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The huge rocket at the heart of NASA’s plans to bring humans back to the moon is back on the launch pad friday like the space agency prepares for another attempt to get the Artemis I mission off the ground.
Liftoff for the uncrewed test mission is scheduled for Nov. 14, with a 69-minute launch window that opens at 12:07 a.m. ET. The launch will be broadcast live on NASA website.
The Space Launch System, or SLS, rocket has begun the multi-hour, 4-mile trek from its indoor shelter to Pad 39B at NASA’s Kennedy Space Center in Florida. late Thursday evening.
The rocket had been put away for weeks after fuel leak problems which foiled the first two launch attempts and then a the hurricane passed through Floridaforcing the rocket off the launch pad and heading for safety.
The Artemis team is once again monitoring a storm that could head into Florida, but feels confident moving forward with the launch pad deployment, said Jim Free, associate administrator of the Development Missions Branch. NASA exploration systems.
The unnamed storm could develop near Puerto Rico over the weekend and will move slowly northwestward early next week, said meteorologist Mark Burger, U.S. Air Force Launch Weather Officer. at Cape Canaveral.
“The National Hurricane Center has only a 30% chance of becoming a named storm,” Burger said. “However, that being said, the models are very consistent on the development of some sort of low pressure.”
Weather officials don’t expect this to become a strong system, but they will be watching for potential impacts until the middle of next week, he said.
The return of the 322-foot-tall (98-meter) SLS rocket to the nearby Vehicle Assembly Building, or VAB, gave engineers the opportunity to look deeper into the issues which afflicted the rocket and to perform maintenance.
In September, NASA raced against time to get Artemis I off the ground because there was a risk of draining mission-critical batteries if it stayed too long on the launch pad without liftoff. The engineers were able recharge or replace the batteries throughout the rocket and Orion spacecraft on top as they sat in the VAB.
The overall goal of NASA’s Artemis program is to return humans to the Moon for the first time in half a century. And the Artemis I mission – expected to be the first in a long series – will lay the groundwork, testing the rocket and spacecraft and all of their subsystems to ensure they are safe enough for astronauts to fly. to the moon and back.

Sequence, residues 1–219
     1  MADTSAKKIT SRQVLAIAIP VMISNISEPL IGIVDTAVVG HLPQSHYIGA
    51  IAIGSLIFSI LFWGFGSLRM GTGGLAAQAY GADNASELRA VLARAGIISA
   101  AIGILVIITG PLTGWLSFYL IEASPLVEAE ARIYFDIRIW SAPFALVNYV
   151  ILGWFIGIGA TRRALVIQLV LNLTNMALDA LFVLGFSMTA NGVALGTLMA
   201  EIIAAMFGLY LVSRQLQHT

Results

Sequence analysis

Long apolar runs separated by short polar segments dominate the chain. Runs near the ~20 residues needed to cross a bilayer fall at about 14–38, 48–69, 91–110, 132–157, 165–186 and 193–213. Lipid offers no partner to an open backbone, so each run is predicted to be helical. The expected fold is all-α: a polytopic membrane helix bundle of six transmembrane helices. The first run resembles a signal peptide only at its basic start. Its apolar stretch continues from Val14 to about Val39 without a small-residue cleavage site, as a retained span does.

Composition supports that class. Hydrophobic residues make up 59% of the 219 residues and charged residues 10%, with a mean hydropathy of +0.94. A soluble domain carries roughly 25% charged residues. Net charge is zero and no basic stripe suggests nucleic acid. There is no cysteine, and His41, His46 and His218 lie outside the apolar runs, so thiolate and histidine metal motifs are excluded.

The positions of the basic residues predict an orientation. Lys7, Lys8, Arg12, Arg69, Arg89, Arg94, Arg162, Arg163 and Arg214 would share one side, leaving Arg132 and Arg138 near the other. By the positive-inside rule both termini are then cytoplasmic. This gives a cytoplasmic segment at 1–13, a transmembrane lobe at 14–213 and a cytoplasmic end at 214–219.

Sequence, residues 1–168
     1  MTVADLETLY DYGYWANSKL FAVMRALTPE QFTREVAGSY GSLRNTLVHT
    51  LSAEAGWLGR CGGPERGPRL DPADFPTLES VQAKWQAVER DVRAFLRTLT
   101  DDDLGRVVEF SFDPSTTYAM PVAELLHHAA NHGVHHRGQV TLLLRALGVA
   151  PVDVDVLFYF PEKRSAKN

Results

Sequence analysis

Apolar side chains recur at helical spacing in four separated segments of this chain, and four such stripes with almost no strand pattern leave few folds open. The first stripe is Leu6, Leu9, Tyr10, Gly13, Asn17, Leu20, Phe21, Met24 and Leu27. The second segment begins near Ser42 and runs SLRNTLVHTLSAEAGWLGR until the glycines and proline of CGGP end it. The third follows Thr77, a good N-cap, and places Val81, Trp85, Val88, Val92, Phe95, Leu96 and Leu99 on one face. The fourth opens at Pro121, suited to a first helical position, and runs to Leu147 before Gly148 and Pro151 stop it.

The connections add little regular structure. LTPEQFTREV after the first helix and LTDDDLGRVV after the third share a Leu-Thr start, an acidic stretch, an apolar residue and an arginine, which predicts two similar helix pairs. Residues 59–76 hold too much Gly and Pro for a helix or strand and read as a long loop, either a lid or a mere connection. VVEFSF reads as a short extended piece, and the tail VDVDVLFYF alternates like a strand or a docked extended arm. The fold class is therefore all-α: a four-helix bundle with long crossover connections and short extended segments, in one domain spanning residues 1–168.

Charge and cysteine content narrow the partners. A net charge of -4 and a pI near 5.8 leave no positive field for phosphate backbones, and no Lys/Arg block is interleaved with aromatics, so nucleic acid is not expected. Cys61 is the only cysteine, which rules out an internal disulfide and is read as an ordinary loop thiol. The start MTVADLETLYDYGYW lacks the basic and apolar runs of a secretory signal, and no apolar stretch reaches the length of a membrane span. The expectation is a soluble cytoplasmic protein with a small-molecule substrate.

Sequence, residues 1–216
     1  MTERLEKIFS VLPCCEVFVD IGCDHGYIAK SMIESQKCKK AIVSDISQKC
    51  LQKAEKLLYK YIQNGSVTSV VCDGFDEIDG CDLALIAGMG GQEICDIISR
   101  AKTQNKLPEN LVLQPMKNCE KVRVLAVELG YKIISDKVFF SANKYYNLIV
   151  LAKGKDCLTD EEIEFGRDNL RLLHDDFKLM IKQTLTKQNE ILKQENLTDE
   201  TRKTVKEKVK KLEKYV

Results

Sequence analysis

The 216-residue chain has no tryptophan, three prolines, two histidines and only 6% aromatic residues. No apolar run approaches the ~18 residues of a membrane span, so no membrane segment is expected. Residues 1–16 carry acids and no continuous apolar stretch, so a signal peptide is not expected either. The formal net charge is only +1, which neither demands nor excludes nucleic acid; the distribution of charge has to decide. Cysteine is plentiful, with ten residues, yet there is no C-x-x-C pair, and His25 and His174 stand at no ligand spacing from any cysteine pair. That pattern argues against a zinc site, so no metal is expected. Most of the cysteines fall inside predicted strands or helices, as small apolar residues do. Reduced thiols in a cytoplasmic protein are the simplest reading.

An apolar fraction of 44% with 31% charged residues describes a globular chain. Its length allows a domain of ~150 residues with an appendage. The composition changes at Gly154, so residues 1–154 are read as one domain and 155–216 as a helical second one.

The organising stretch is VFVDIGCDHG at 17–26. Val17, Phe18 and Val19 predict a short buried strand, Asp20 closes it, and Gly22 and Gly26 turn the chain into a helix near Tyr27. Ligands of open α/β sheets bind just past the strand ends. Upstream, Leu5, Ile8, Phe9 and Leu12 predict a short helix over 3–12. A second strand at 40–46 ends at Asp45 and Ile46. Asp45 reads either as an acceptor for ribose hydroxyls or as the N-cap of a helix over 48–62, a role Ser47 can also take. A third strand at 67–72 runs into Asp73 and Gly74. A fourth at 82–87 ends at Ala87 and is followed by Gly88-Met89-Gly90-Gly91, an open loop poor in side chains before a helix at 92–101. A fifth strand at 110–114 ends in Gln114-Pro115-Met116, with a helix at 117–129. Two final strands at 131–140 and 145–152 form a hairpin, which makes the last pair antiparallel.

But getting that first mission off the ground was tough. The SLS rocket, which cost around $4 billion, ran into problems as it was charged with supercooled liquid hydrogen, causing a series of leaks. A faulty sensor also gave inaccurate readings as the rocket attempted to “condition” its engines, a process that cools the engines so they won’t be shocked by the temperatures of its supercooled fuel.
NASA worked to solve both problems. The Artemis team decided to mask the faulty sensor, essentially ignoring the data it emits. And following the second launch attempt in September, the space agency performed another ground test while the rocket was still on the launch pad.
The purpose of the cryogenic demonstration was to test the seals and use updated “softer and gentler” loading procedures of the supercold propellant, which the rocket would experience on launch day. Although the test didn’t go exactly as planned, NASA said it met all of its objectives.
NASA officials again emphasized that these delays and technical issues do not necessarily indicate a significant problem with the rocket.
Before the SLS, NASA’s space shuttle program, which flew for 30 years, suffered frequent rubbed launches. SpaceX’s Falcon rockets also have a history of friction for mechanical or technical issues.
“I want to reflect on the fact that this is a difficult mission,” Free said. “We encountered difficulties in getting all of our systems to work together and that is why we are carrying out a flight test. It’s about going after the things that can’t be modeled. And we learn by taking more risks on this mission before putting a crew on it.
The Artemis I mission should pave the way for other missions towards the Moon. After liftoff, the Orion capsule, which is designed to carry astronauts and sits atop the rocket during liftoff, will separate when it reaches space. It will fly empty for this mission, with the exception of a few dummies. The Orion capsule will spend a few days maneuvering towards the moon before entering its orbit and beginning the return trip a few days later.
Overall, the mission is expected to last 25 days, with the Orion capsule’s plunge into the Pacific Ocean off San Diego scheduled for December 9.
The purpose of the trip is to collect data and test hardware, navigation and other systems to ensure the SLS rocket and Orion capsule are ready to receive astronauts. The Artemis program aims to land the first woman and first person of color on the lunar surface this decade.
The Artemis II mission, scheduled for 2024, is expected to follow a similar flight path around the moon but will have a crew on board. And in 2025, Artemis III is expected to land astronauts on the lunar surface for the first time since NASA’s Apollo program.